In 2020, You'll Be Able to Hut-Trip the Adirondacks - Backpacker

In 2020, You'll Be Able to Hut-Trip the Adirondacks

A new initiative wants to bring European-style no-tent backpacking to the woods of New York.
Author:
Publish date:
A trail marker in the Adirondacks

A trail marker in the Adirondacks

From the first wildflower bloom to the last winter blizzard, the Adirondacks are a haven for hikers. With more than 2,000 miles of trails and 30,000 miles of rivers and streams stretched across 6 million acres in northern New York, users can string together months worth of adventures. Now, a new initiative aims to make that even easier. 

Currently, there is no simple way to link the trails or water routes with accommodations so as to create cohesive backcountry experiences. Hamlets to Huts wants to change that. A nonprofit organization incorporated in 2016, they are working to establish more than 50 routes that start, pass through, and finish in Adirondack communities.

Established by Joe Dadey and Jack Drury, Hamlets to Huts will let travelers hike, cycle, or paddle — or combine all three — over the course of a few hours or several days without needing to carry anything more than a day pack. The routes will combine different types of trails of varying lengths and connect communities in the Adirondacks so hikers and paddlers can sprinkle their backcountry explorations with interactions with local residents and cultural experiences in towns.

By summer 2020, Dadey expects to get the first trips up and running — primarily paddling routes with some hiking or biking. One, a five-night, four-day paddling trip from Blue Mountain Lake to Raquette Lake is nearing completion; only a few bridges need to be constructed for travelers wanting to bike versus paddle on the final leg. Trail and signage improvements will also complete a five-night, four-day round-trip route from Old Forge to Raquette Lake, which offers two days of paddling and two of hiking or cycling available to travelers.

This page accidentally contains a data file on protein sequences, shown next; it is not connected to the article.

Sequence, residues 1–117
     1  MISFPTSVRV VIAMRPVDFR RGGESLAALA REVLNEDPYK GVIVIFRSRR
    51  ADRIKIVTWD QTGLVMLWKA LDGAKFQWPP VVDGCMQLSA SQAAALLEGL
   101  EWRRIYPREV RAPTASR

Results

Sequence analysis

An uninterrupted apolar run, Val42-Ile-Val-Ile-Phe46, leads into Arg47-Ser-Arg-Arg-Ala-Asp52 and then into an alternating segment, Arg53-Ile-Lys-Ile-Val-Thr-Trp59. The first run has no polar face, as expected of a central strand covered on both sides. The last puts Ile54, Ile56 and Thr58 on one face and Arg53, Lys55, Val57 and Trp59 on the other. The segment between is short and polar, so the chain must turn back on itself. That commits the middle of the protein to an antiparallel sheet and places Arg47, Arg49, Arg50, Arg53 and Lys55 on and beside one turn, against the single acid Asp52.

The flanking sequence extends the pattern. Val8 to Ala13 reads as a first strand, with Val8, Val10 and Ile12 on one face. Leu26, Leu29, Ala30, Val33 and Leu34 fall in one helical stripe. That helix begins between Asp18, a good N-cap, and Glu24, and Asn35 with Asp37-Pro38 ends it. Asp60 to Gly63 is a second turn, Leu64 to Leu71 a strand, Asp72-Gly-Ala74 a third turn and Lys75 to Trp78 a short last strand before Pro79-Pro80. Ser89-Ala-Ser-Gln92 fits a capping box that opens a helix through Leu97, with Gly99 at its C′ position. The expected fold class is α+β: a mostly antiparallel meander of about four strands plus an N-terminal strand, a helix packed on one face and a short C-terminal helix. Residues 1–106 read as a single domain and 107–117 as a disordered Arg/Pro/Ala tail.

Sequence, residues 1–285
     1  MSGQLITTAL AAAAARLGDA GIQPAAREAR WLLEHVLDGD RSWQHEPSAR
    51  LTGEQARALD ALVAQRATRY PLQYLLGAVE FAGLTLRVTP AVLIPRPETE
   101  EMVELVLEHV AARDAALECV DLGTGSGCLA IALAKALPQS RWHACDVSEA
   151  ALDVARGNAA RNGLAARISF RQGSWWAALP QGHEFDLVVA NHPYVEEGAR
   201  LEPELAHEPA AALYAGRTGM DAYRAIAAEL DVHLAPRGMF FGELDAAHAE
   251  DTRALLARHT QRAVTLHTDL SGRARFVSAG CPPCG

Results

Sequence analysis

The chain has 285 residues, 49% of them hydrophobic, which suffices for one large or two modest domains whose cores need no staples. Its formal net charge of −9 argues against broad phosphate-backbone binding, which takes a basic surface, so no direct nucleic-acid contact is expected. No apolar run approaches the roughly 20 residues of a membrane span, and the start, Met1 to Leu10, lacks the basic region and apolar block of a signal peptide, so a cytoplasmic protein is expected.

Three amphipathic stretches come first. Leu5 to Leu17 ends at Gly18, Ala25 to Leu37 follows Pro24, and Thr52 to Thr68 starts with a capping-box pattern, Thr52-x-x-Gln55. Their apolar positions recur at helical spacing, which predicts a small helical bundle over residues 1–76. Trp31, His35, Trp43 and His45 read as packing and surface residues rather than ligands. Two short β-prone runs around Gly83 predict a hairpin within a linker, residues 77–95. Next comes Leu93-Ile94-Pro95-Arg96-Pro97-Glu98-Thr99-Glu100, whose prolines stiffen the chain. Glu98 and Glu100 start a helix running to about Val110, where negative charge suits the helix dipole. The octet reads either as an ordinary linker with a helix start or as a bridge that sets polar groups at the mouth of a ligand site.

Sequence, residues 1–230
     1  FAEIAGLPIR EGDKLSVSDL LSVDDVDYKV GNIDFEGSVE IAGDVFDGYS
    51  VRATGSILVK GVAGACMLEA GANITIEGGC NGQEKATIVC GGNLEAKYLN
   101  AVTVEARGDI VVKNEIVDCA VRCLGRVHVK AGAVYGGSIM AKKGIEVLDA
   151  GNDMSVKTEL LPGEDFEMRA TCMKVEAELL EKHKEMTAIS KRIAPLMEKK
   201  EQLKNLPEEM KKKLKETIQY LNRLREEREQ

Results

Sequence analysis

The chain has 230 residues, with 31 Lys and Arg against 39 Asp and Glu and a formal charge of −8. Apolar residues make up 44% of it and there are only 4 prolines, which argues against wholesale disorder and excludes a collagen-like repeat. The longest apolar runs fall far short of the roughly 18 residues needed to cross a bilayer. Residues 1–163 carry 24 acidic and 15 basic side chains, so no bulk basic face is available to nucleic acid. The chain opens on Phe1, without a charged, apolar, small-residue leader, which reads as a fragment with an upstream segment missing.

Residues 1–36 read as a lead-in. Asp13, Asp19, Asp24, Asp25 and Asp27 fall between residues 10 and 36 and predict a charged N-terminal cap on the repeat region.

Because Hamlets to Huts’ proposed routes pass through public and private land, dipping in and out of towns, the project is a community effort. Currently supported financially in large part through grants and contracts from the New York State Department of State and the New York State Department of Environmental Conservation, the group is working with state-level and local officials as well as residents on this multi-faceted project. With the help of these stakeholders, Hamlets to Huts hopes to develop multi-day routes with accommodations such as yurts, cabins, and B&Bs; customized maps with navigational, cultural, and historical information for each route; shuttle transportation; and a reservation system linking everything together. “Lodging operators and other service providers are very excited about what we’re looking to do,” Dadey said.

The hut-to-hut system of hiking, popular in Europe and New Zealand, is not as well-known in North America. This model encourages self-propelled travelers to come off the trail to eat meals in local restaurants and sleep in local accommodations before heading back into the wilderness for a new day of backcountry exploration. The overall affect is to foster community and concentrate the land-use impact into areas built to handle it.

While there are still holes in the routes with no accommodations, Huts to Hamlets see them as opportunities

“We plan to own and operate some places of as well as inspiring other entrepreneurs to help us fill some lodging gaps,” Dadey said. “That will create hospitality jobs. And then, over time, we believe by having some anchor businesses in the form of lodging, we’ll bring a critical mass of people, a critical mass of business, a critical mass of needs on behalf of those travelers that will then spur the need for other businesses and support services.” One possible route through the Champlain Valley could see trekkers staying on local farms.

An initiative as expansive as Hamlets to Huts is a decades-long process, but Dadey feels confident the slow-and-steady str will bear fruit. “There are so many moving pieces, from building new trails for making connections to building new lodging to fill in gaps,” he said, “but we think success will breed success.”